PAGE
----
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Humans and dolphins: If brain size is a measure, we're not that different

National Science Foundation

Arlington, Va.--Scientists have determined how brain size changed in dolphins and their relatives over the past 47 million years, and how these species evolved in relation to humans. The results of their research, published on-line this week in the journal The Anatomical Record, show that, in terms of brain size, humans and dolphins aren't that different.

Lead scientist on the National Science Foundation (NSF)-funded project is Lori Marino of Emory University in Atlanta; colleagues Daniel McShea from Duke University in North Carolina and Mark Uhen from the Cranbrook Institute of Science in Bloomfield, Michigan, are co-investigators on the study.

Dolphin brains are four to five times larger than would be expected for their body size when compared to another animal of similar size. In humans, the measure is seven times larger. "Essentially, the brains of primates and cetaceans arrived at the same cognitive space while evolving along different paths," Marino says. "What the data say to me is that we, as humans, are not that special. Although we are highly encephalized [have large brains], it's not by much compared with cetaceans."

The scientists investigated the fossil record of the toothed whales (which includes dolphins, porpoises, belugas and narwhals) from the order Cetacea, suborder Odontoceti. Many modern toothed whale species (Odontocetes) have extremely large brains - significantly larger than expected for their body sizes and second only to those of modern humans.

"A description of the pattern of encephalization [brain size] in toothed whales has enormous potential to yield new insights into Odontocete evolution: whether there are shared features with hominoid brain evolution, and more generally how large brains evolve," Marino says.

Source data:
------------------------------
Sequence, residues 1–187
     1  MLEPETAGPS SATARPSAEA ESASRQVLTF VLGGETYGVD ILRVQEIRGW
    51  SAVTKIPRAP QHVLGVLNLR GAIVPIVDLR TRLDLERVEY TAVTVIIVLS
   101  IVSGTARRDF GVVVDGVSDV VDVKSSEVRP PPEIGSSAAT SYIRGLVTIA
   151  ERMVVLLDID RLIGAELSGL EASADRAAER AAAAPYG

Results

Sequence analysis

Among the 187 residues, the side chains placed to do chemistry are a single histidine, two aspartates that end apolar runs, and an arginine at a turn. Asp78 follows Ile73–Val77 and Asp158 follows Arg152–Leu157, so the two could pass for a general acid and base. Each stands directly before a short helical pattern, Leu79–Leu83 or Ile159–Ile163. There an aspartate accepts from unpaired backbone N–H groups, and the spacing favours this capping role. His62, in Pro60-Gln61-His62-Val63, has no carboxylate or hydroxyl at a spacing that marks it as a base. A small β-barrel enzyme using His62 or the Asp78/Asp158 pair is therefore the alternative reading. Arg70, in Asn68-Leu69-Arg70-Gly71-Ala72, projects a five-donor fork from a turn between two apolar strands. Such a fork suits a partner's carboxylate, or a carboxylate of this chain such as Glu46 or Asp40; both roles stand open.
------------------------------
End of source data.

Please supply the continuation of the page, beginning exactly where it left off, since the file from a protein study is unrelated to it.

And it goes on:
To investigate how the large brains of Odontocetes changed over time, Marino and her colleagues quantified and averaged estimates of brain and body size for fossil cetacean species using computed tomography (CT) scanning, and analyzed these data along with those for modern Odontocetes.

The only data previously available were from a small handful of fossils that provided a very limited record. Marino and her colleagues gathered data and tracked down fossils at the Smithsonian Institution and other museums. A total of 66 fossil crania were CT-scanned and measured. This subset was added to brain and body weight data from 144 modern cetacean specimens.

"The research produced the first understanding of the pattern of change in cetacean brain size relative to body size over 47 million years," says Rich Lane, program director in NSF's division of earth sciences, which funded the research. "Brain size, it turns out, increased significantly in two critical phases in the evolution of these animals."

The first brain size increase occurred with the origin of Odontocetes from the ancestral group Archaeoceti nearly 39 million years ago and was accompanied by a decrease in body size. This change occurred with the emergence of the first cetaceans to develop echolocation - the processing of high-frequency acoustic information used by modern dolphins and other Odontocetes, Marino says. The second major change occurred with the origin of the superfamily Delphinoidea (oceanic dolphins, porpoises, belugas and narwhals) about 15 million years ago. Both increases probably relate to changes in the animals' lifestyles.

Odontocetes have demonstrated behavioral faculties previously only ascribed to humans and other great apes. These abilities include mirror self-recognition, the comprehension of artificial, symbol-based communication systems and abstract concepts, and the learning and intergenerational transmission of behaviors that have been described as cultural. Their large brains likely have enabled these capabilities, says Marino.


The study was also funded by the SETI Institute.

Media contact: Cheryl Dybas,, 703-292-7734

NSF Program Contact: Rich Lane,, 703-292-4730

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